Even with a successor, Castro is still expected to retain consider clout. He has said nothing about stepping down as chief of Cuba’s powerful Communist Party and Cuba’s military leaders are solid Raúlistas. Read the rest of this entry »
Posted: January 19, 2017 Filed under: History, Politics, Think Tank | Tags: Americans, Barack Obama, Chicago, Cuba, Donald Trump, Facebook, Politics of the United States, President of the United States, United States, White House
Obama’s frequent appeals to history’s judgment reflect his confidence that history will be kind to him. In the short run, it will: liberals will canonize Obama. Like the faithful Catholics chanting “santo subito” after the death of Pope John Paul II, Obama’s liberal boosters will turn him into Saint Barack, savior of health care and slayer of bin Laden. You might see hints of this already in your liberal friends’ wistful Facebook posts: “I’m really going to miss this guy.” If liberals are calling the shots, Obama’s name will shortly be inscribed on statues and state buildings, and his face will someday appear on coins and currency, while the divisions he sowed and exploited in pursuit of personal glory will be papered over. Generations of schoolchildren will learn about the beloved, barrier-shattering college professor with the megawatt smile who could tell a joke and make a jump shot—not the ambitious, polarizing ideologue whose disdain for half the country was palpable. No mention will be made of his habit of insulting supposedly lazy, ignorant Americans who cling bitterly to their religion, guns, and “antipathy toward people who aren’t like them,” and who fall prey to “anti-immigrant sentiment or anti-trade sentiment as a way to explain their frustrations.” Read the rest of this entry »
Posted: January 15, 2017 Filed under: Censorship, History, Politics, Russia, Think Tank | Tags: Applause, Barack Obama, Bejidé Davis, Cancer, Chimp, Communism, Cuba, Dick Cheney, Donald Trump, Hollywood, Joseph Stalin, Kevin D. Williamson, Marilyn Geewax, National Review, NPR, Republican Party (United States), Ronald Reagan, Totalitrianism, Tribal, Tribalism, Tribe, Venezuela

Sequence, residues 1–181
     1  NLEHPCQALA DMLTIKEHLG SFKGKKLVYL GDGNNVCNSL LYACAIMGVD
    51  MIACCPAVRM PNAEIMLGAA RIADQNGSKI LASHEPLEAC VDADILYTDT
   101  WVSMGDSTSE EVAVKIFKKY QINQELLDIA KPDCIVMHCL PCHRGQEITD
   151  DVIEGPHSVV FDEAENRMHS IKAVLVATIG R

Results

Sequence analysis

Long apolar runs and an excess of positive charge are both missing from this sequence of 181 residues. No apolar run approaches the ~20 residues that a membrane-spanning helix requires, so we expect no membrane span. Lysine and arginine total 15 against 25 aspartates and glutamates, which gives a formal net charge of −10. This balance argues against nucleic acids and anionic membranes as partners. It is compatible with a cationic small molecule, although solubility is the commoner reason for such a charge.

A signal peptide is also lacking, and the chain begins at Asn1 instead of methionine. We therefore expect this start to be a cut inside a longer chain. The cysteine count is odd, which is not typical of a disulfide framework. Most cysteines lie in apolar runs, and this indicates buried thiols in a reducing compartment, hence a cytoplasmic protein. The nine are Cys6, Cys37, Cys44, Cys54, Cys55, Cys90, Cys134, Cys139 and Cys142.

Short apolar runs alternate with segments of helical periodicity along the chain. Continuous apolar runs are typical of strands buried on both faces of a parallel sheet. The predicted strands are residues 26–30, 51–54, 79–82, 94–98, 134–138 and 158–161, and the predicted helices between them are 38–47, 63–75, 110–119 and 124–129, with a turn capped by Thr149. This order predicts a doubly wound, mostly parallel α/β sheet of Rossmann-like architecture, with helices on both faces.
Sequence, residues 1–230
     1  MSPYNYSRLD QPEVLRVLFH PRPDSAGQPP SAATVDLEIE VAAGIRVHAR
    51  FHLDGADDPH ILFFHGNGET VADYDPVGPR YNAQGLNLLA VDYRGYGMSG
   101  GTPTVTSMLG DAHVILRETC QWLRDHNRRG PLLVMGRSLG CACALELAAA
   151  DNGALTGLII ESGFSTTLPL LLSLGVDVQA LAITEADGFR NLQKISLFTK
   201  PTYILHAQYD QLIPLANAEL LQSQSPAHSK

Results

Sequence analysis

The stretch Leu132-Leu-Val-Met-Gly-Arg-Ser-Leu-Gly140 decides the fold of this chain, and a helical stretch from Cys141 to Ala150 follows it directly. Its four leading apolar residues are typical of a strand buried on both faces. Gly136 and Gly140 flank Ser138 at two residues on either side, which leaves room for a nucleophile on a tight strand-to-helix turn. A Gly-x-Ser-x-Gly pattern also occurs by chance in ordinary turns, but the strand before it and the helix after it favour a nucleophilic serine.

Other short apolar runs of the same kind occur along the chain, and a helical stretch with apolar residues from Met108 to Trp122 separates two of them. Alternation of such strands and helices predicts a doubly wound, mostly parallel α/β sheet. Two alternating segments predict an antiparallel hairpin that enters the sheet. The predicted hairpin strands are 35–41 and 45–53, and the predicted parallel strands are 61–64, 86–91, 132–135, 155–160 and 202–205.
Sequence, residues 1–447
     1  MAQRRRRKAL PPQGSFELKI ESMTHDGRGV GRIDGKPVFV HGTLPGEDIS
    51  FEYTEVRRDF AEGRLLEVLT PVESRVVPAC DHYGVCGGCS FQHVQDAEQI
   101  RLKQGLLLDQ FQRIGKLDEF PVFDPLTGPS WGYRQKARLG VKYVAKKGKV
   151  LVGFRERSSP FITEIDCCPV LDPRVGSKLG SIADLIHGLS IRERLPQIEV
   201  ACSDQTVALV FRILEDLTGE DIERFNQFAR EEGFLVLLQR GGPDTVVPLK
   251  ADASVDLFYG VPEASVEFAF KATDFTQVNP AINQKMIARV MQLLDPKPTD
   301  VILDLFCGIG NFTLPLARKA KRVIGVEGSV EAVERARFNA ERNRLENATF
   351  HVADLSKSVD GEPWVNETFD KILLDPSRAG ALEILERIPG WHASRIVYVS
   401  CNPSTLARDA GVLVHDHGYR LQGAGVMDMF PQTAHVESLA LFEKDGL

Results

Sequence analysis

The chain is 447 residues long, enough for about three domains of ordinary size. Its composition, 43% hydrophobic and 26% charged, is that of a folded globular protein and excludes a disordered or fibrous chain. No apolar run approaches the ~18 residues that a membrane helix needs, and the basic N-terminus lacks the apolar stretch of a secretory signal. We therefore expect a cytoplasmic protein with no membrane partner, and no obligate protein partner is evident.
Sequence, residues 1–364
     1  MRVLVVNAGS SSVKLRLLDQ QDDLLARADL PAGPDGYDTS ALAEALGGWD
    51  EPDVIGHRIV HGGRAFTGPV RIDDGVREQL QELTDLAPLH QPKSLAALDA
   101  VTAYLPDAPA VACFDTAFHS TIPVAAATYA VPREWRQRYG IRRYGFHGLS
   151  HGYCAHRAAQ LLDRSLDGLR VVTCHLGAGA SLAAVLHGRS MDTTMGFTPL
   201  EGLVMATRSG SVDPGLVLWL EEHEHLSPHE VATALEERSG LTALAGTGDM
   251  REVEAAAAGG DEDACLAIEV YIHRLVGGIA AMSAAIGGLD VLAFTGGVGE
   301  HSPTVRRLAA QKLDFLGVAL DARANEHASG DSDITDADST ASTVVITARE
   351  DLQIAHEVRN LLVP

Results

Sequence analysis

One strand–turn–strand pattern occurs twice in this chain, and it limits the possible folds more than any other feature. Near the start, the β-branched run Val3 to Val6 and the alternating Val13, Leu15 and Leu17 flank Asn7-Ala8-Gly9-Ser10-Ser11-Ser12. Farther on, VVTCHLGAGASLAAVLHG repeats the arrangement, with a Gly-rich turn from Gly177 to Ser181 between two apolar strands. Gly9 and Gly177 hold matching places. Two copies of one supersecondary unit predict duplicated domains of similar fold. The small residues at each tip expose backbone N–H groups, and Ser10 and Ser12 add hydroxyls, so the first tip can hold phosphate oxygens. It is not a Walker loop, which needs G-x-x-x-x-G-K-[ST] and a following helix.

Kevin D. Williamson writes: Applause was a serious business in the Soviet Union, as it is in Cuba, as it is in Venezuela, as it is in all unfree societies and at our own State of the Union address, which is modeled on the ex cathedra speeches of unfree societies. The less free you are, the more you are obliged to applaud. Joseph Stalin’s pronouncements were greeted with perfervid applause, which would continue, rapturously — no one dared stop — until Stalin himself would order its cessation.
“The desire to rule is complexly mixed up with the desire to be ruled, just as the most masterful among us bow the lowest and grovel the most enthusiastically when presented with a strongman-savior.”
But what to do when Stalin was not there? The mere mention of his name, even in his absence, would trigger fanatical applause, and nobody wanted to be the first to stop. Aleksandr Solzhenitsyn related one famous story:
The director of the local paper factory, an independent and strong-minded man, stood with the presidium. Aware of all the falsity and all the impossibility of the situation, he still kept on applauding! Nine minutes! Ten! In anguish he watched the secretary of the District Party Committee, but the latter dared not stop. Insanity! To the last man! With make-believe enthusiasm on their faces, looking at each other with faint hope, the district leaders were just going to go on and on applauding till they fell where they stood, till they were carried out of the hall on stretchers! And even then those who were left would not falter.
[Read the full story here, at National Review]
[Kevin D. Williamson’s book “The End Is Near and It’s Going to Be Awesome” is available at Amazon]
Then, after eleven minutes, the director of the paper factory assumed a businesslike expression and sat down in his seat. And, oh, a miracle took place! Where had the universal, uninhibited, indescribable enthusiasm gone? To a man, everyone else stopped dead and sat down. They had been saved! The squirrel had been smart enough to jump off his revolving wheel.
That, however, was how they discovered who the independent people were. And that was how they went about eliminating them.
That same night the factory director was arrested.
Stalin is long gone, and the Soviet Union, too, having been deposited, as Ronald Reagan predicted, onto the “ash heap of history.” But the craven instinct on display in the scene Solzhenitsyn described remains.
The desire to rule is complexly mixed up with the desire to be ruled, just as the most masterful among us bow the lowest and grovel the most enthusiastically when presented with a strongman-savior. There is something atavistic in us that is older than the human part — the inner chimp — that makes those who listen to its voice keenly aware of their places in the social hierarchy. Even a predator instinctively recognizes a predator higher up the food chain.